Background to the Global Financial Crisis
On the day that this paper was initially drafted, September 11, 1998, media soundbites trumpeted crashing commodity prices, the collapse of Brazil's currency, and the growing crisis in leadership in the United States, Japan, and Russia. That day's financial pages revealed that in the preceding 24 hours, stock prices plunged 15% in Brazil, 10% in Mexico, 7% in Spain, 5% in Italy, the Netherlands and the Philippines, 4% in Germany and France and 3% in the United States and United Kingdom: a typical day in the new volatile world economy. [pic]
Headlines the world over announce what has long been obvious to ordinary people: the global economy is in deep crisis. The major current manifestation of the crisis is financial. Capital is racing in and out of countries at lightening speed - fueling false dreams as it enters and ruining lives and ecosystems as it exits. What can only honestly be labeled a global financial casino is reaping rewards for the few at a devastating cost to the many. An economic, social, political, and ecological crisis which, in this century, rivals only the Great Depression in its impact, is engulfing the planet.
As the crisis gathers
speed, thousands of individuals and groups that have been the victims and critics of corporate-led globalization, including the International Forum on Globalization (IFG), have been analyzing the crisis, its roots, its effects, and its remedies. We do so as the architects of this crisis in the International Monetary Fund (IMF), the Fortune 500, and the governments of the industrial world offer mendacious and misleading explanations of the crisis and cobble together feeble piece-meal solutions.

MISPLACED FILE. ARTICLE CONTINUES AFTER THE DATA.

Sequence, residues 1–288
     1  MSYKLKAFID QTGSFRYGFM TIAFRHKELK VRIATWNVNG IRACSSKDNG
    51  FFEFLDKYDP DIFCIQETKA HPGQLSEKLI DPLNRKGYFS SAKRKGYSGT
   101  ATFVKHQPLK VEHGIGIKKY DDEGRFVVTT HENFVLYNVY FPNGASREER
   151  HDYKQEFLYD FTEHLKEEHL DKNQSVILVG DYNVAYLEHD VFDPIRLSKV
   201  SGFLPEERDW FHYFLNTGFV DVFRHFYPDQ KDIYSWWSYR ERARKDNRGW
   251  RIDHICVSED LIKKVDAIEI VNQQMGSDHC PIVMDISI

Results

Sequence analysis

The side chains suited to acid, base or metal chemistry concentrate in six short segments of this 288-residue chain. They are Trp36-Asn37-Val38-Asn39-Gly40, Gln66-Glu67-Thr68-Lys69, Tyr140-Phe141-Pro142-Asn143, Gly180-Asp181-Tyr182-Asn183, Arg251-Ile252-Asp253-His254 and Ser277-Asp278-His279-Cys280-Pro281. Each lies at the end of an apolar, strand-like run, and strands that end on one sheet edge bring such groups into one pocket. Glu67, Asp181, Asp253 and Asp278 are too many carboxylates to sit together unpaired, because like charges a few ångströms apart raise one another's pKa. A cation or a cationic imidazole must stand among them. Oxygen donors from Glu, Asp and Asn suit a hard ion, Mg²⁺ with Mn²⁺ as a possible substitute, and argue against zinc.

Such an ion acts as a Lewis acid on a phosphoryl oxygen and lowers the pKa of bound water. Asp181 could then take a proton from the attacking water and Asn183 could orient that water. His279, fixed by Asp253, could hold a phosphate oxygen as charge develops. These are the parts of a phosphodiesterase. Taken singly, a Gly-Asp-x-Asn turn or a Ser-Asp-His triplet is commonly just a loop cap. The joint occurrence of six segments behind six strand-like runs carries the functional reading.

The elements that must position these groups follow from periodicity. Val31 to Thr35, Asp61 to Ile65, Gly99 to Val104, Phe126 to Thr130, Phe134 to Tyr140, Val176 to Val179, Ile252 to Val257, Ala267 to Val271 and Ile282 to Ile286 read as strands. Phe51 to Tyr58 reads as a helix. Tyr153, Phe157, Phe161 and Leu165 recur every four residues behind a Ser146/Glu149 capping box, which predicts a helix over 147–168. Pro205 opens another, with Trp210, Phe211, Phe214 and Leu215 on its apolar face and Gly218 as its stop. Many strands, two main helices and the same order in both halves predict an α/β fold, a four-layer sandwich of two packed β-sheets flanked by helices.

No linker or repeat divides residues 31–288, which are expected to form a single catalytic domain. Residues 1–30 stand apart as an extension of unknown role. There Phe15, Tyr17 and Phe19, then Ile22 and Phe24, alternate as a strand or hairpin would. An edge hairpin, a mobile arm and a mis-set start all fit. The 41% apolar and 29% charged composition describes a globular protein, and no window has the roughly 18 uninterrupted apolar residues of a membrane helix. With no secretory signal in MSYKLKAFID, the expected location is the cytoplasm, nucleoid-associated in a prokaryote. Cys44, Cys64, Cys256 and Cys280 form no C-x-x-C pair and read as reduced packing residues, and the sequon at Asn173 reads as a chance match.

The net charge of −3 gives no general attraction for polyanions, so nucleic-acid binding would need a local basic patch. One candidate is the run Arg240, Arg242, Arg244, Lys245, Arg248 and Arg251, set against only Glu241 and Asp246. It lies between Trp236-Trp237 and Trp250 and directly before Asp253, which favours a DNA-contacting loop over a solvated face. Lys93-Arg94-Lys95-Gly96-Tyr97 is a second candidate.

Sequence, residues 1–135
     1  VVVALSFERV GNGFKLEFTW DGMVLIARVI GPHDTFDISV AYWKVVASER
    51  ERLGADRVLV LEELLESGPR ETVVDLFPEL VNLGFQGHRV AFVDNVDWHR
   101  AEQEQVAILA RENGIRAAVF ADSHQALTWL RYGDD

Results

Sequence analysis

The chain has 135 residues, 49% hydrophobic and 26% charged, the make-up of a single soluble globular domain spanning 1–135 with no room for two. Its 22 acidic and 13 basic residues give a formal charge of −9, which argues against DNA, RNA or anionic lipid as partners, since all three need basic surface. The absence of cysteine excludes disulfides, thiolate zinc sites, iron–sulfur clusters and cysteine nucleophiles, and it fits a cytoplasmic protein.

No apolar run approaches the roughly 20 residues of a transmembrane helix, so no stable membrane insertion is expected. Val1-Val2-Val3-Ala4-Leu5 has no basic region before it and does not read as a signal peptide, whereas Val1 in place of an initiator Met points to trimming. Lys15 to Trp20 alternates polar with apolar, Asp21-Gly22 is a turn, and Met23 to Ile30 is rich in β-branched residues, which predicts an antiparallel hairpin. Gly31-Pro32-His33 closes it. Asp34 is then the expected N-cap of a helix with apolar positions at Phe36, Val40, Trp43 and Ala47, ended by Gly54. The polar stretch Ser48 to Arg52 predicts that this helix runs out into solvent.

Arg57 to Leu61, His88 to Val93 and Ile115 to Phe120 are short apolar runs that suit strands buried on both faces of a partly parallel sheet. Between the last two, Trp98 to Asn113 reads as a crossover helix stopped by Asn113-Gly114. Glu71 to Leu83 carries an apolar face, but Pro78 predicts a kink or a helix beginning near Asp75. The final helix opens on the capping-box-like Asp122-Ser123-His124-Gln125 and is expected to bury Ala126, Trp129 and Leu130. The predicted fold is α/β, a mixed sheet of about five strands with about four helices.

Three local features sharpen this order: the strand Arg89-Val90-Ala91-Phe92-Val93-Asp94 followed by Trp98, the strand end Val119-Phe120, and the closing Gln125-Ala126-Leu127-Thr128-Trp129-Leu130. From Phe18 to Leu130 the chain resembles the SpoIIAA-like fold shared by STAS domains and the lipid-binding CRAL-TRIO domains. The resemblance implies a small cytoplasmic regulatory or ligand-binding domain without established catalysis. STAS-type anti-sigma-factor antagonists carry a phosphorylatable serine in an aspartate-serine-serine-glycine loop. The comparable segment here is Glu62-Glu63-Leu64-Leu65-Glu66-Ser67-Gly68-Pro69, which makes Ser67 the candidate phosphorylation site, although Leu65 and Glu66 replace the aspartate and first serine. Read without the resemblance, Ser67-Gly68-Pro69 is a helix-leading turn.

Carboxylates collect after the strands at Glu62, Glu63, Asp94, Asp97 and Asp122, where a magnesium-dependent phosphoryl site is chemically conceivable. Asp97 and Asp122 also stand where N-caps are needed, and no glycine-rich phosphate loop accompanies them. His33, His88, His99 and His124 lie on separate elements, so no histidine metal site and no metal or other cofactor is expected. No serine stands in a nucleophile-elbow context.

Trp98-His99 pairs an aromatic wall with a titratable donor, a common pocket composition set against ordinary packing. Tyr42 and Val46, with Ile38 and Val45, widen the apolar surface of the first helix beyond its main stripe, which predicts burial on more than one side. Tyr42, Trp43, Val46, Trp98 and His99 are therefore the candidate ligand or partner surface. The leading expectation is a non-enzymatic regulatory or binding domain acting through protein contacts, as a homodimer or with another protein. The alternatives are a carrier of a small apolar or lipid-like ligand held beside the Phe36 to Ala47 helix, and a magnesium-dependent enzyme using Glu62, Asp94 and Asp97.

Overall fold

They, the architects, said this
crisis could never happen. Technology and globalization, they promised would spur growth, prosperity and democracy the world over. Besides, they told us, globalization is inevitable. "Not so", we responded in concert with millions of workers, environmentalists, farmers, women and others. Corporate-led globalization is plundering natural resources, creating insufficient and often undignified jobs, spreading hunger as food travels longer distances from producer to consumer, destroying cultural diversity, and widening the gap between rich and poor. No, we said, economic globalization is not inevitable; it is the result of man-made rules that can be re-made. And, we concluded years ago, forcing countries to pry open capital markets is playing with fire. Today's news suggests who was right and who was wrong.
As we sift through the mounting evidence of the crisis from country to country, we conclude the following:
1. The crisis has exposed the crippling volatility of the new global economy and it has spawned crises in the real economies of numerous nations and eroded the political legitimacy of governments from the United States to Russia, from Brazil to Indonesia.
2. The financial crisis is a
logical outgrowth of a corporate-led economic globalization that is also devastating workers, the environment, safe food systems and cultural diversity. 3. The official explanation of the crisis is wrong and has led to new actions by governments that, at best, are piecemeal, and, at worst, have exacerbated the panic.
4. Countries, regions, communities, and citizen
organizations are beginning to craft and implement effective solutions to the crisis that redirect finance toward meeting the needs of people, communities, and the planet.
This paper, representing some of the work of members of
the IFG, seeks to amplify these points and contribute to a vital and vibrant debate worldwide over the rules and direction of economic globalization. The Crisis
As we write, the financial architects of the global
economy have left in tatters a global map that only recently featured what they called the Asian Miracle, the...
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